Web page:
Rozell is recognized as a leader in World War II and Holocaust history. He and his students have personally interviewed more than 200 WWII veterans and have published many stories that would have otherwise been lost. He has been instrumental in reuniting over 275 Holocaust survivors with several American soldiers who liberated them from a train in Nazi Germany on April 13, 1945 and nursed them back to health. Rozell has organized or helped facilitate powerful reunions, witnessed by thousands of students.
Matthew A. RozellIn 2008, Rozell was awarded a Museum Teacher Fellowship at the United States Holocaust Memorial Museum for his work in Holocaust education; he has also been the subject of a documentary, “Honoring Liberation,” produced by the museum. His work has also been modeled in educational programs across the nation. In 2009, Rozell and his students were named ABC World News “Persons of the Week” by Diane Sawyer.
Learn more at his website,TeachingHistoryMatters.com.
Photo above: Moment of Liberation. Credit: Major Clarence L. Benjamin, 743rd Tank Battalion

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April 17th. (1945)

Dear Chaplain;-

Haven’t written you in many months now, its funny how a few moments are so hard to find in which to write a letter way past due; it’s much easier to keep putting it off the way I’ve done. I’ll try to make up for it in this letter.

Today I saw a sight that’s impossible to describe, however I’ll try. Between 2400 and 3000 German refugees were overran by my division during our last operation; most of them were, or had been, inmates of concentration camps, their crimes the usual ones, – Jewish parentage, political differences with der Fuhrer, lack of sympathy for the SS, or just plain bad luck. Not one of these hundreds could walk one mile and survive; they had been packed on a train whose normal capacity was perhaps four or five hundred, and had been left there days without food.

Our division military government unit took charge of them, and immediately saw what a huge job it was going to be, so they sent out a call for help. Several of our officers went out to help them organize the camp they were setting up for them. The situation was extremely ticklish we soon learned; no one could smoke as it started a riot when the refugees saw the cigarette, and we couldn’t give the kiddies anything or they would have been trampled to death in the rush that would result when anything resembling food was displayed. The only nourishment they were capable of eating was soup; now the army doesn’t issue any of the Heinz’s 57 varieties, so we watered down C-ration[s] and it served quite well.  It was necessary to use force to make the people stay in line in order to serve them. They had no will power left, only the characteristics of beasts.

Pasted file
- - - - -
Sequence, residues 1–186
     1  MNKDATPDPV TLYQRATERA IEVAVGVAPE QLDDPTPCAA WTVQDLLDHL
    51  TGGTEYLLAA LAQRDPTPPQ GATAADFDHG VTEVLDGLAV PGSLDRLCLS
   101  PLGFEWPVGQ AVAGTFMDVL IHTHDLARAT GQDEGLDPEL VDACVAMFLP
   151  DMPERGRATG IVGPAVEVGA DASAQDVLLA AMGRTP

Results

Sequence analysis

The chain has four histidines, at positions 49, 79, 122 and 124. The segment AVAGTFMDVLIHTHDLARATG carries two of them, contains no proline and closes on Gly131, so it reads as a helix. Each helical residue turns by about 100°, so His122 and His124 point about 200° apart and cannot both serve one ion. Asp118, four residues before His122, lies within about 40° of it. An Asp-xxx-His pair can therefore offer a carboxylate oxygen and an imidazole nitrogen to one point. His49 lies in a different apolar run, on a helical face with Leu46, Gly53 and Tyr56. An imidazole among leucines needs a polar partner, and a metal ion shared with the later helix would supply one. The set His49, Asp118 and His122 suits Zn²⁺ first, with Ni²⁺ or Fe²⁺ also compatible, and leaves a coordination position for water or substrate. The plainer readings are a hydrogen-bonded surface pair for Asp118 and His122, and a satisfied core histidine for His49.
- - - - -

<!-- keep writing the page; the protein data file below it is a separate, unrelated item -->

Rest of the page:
A few weeks of decent food will change them into a semblance of normal human beings; with God willing the plague of disease that was already underway, will be diverted; but I’m wondering what the affect of their ordeal they have been through, will be on their minds; most will carry scars for the rest of their days for the beatings that they were given. No other single thing had convinced me as this experience has that Germany isn’t fit to survive as a nation. I’ll never forget today.

I was going to write mother tonight but thought better of it. I’ll be in a better frame of mind tomorrow. I’m only a few dozen miles from Berlin right now, and its hard to realize the end is in sight. I’m always glad to receive your scandal sheet. You perhaps missed your calling, as your editorial abilities are quite plain.

As ever,

Charles.

March 11th, 2009

Dear Mr. Rozell:

My father-in-law was 1st. Lt. Charles M. Kincaid. He was a Liason Officer with the 30th. Division Artillery.  He was honored with an Air Medal in the battle of Mortain and a Bronze Medal in the battle of St. Lo.  In the battle of Mortain he won his Air Medal by calling in artillery adjustments while flying in a Piper L-4 over 4 panzer divisions on August 9, 1944.

first-lt-chuck-kincaid-sept-1944He rarely wrote home. He did write home to his minister about one event that evidently really caused him to stop and think. Attached is a copy of that letter that his sister transcribed – making copies for others to read.  The letter describes the Farsleben train and his experience there.

I need to thank you for your website and work. You and your students work enabled me to connect the letter with the actual historical event. It further enabled me to show my children the pictures and to make their Grandfather’s experience real, not just an old letter – that this event so affected him that he needed to tell his minister before he told his mother.